Epidendrums make excellent container plants as well and, like cymbidiums, bloom in a wide range of colors including yellow, orange, red, burgundy, bronze, pink, lavender, purple, and white. Inflorescences consist of clusters of small, star-shaped blooms. I have encountered Epidendrums – whether growing in the ground or in containers – throughout the San Fernando Valley, and all points south of there. They spread vegetatively through underground rhizomes.
Bletilla: Known as Chinese ground orchid or simply hardy orchid due to its cold tolerance down to 25 degrees, this is a carefree terrestrial orchid that is highly suitable for use as a ground cover, proliferating through its aggressive rhizomes, and I once saw a front yard in Sherman Oaks that had been completely overtaken by it. Flowers are fuchsia, purple, or white, and resemble diminutive versions of Cattleya or corsage orchids.
Oncidium: Its common name of dancing ladies refers to the form of its small yellow flowers that are studded in great profusion along its stems. I once saw this orchid growing in a container under an arbor in Thousand Oaks.
Zygopetalum: Planted in the ground, I witnessed the purple flowers of this most fragrant of all orchids and enjoyed their scent as it wafted through the San Pedro garden previously mentioned. This orchid’s caretaker informed me that it blooms on and off throughout the year.
Dendrobium: I was privileged to encounter pink rock orchid (Dendrobium kingianum) in a small backyard planter in Westwood. Its delicate blooms were quite enchanting.
Laelia: Closely resembling cattleyas, with which they freely hybridize, there are cold-tolerant cultivars that grow outdoors as far north as San Francisco. My first encounter with a Laelia was when I saw a dazzling specimen vining up the trunk of a large cycad in Glendale.
You are invited to tell me about your orchid-growing experience so I can share it with readers of this column.
A musical version of “The Secret Garden” is now playing at the Ahmanson Theatre, located in The Music Center in downtown Los Angeles. This is a classic story of personal transformation, as well as achieving family peace, through the restoration of a garden. Performances will continue through March 28th and tickets are available online at centertheatregroup.org.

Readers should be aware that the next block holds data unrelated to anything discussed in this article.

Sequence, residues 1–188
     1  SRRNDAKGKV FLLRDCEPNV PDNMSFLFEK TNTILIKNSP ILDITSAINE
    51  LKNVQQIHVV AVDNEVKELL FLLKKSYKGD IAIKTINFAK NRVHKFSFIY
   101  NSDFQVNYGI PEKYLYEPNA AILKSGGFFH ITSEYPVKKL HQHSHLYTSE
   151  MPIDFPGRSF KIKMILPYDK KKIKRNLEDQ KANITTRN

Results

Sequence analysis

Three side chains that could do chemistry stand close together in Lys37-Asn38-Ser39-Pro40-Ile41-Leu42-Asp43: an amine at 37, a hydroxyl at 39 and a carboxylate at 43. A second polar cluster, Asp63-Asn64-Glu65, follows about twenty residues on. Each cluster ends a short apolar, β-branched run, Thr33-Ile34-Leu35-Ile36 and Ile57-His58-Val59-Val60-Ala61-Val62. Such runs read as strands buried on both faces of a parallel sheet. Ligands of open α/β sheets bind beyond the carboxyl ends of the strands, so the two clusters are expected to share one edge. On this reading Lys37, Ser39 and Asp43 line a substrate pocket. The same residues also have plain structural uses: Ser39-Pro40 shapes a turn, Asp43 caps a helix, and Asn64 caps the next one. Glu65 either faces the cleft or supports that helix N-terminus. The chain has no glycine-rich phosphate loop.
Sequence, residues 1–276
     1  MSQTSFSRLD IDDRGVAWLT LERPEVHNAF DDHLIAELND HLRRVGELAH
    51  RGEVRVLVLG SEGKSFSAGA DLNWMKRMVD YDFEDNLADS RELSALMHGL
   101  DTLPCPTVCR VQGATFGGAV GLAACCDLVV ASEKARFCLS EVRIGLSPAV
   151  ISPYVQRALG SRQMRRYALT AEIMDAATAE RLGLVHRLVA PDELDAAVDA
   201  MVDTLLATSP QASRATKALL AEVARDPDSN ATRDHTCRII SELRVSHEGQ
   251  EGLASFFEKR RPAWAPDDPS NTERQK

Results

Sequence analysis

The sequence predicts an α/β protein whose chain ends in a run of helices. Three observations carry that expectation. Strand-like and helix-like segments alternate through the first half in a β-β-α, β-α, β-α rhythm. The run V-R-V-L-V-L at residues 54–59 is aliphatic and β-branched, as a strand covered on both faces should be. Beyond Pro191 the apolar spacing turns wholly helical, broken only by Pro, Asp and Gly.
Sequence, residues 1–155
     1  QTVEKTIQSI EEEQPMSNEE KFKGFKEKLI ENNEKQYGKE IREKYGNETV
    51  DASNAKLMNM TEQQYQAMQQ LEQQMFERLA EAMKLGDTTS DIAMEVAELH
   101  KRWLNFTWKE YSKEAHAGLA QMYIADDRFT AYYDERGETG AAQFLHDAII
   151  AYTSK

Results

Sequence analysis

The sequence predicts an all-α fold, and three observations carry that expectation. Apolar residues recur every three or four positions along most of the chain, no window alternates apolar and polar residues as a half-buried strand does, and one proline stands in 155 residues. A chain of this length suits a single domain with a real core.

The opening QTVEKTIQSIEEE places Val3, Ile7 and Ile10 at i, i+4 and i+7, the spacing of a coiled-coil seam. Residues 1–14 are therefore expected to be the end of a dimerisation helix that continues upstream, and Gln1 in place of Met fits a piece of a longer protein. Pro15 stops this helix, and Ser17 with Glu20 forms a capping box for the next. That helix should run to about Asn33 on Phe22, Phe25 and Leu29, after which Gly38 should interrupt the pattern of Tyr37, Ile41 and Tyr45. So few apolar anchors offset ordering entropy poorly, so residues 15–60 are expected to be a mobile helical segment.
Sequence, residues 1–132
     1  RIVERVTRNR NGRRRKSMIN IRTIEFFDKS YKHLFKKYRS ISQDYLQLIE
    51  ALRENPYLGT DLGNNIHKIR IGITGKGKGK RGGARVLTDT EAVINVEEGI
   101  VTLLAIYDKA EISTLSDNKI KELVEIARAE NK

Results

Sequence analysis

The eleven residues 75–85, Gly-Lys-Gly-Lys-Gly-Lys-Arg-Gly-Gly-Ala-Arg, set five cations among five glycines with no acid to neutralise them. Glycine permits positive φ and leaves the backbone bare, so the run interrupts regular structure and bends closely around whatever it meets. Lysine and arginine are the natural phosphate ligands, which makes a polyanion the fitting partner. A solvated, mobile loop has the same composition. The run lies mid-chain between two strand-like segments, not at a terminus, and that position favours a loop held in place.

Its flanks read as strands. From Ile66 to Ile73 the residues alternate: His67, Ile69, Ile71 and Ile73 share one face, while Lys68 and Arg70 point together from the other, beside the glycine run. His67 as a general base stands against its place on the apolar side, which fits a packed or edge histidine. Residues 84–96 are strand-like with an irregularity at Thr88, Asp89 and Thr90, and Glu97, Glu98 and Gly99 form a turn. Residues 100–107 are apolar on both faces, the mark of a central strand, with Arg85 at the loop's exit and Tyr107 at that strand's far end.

Manzanita Arctostaphylos densiflora var. Howard McMinn.(Photo by Joshua Siskin) California native plant of the week: I am astonished each year at the spectacular bloom of my manzanita, a plant that never gets any attention from me except when I gaze or gawk, glare or stare at it. Each year, it blooms with more flowers than the year before and it has been doing this for the past two decades.
I am privileged to have planted Arctotsaphylos densiflora ‘Howard McMinn,’ a variety second to none when its abundant bloom and symmetrical form are considered. It is slowly approaching its ultimate size when height and girth will reach eight feet.
Alas, I have never seen the fruit (manzanita means “little apple” in Spanish) for which this plant is named. There can only be one explanation for this: the native bees responsible for causing vibrations that move pollen to stigma – which is needed for fruit and seed development – are not present in this part of California when this manzanita is in bloom.
With all manzanitas, these native bees grasp hold of the flowers and through “buzz pollination” or sonication dislodge pollen, allowing it to move down the flower, an inverted urn, until it rests on a stigma. This same phenomenon happens with the flowers of blueberry bushes, which are relatives of manzanita and prove this relationship with urn-shaped flowers of their own. Manzanitas run the gamut when it comes to form with mat-like ground-hugging species, compact bushes, large shrubs and trees all included in the wide-ranging repertoire of the Arctostaphylos genus.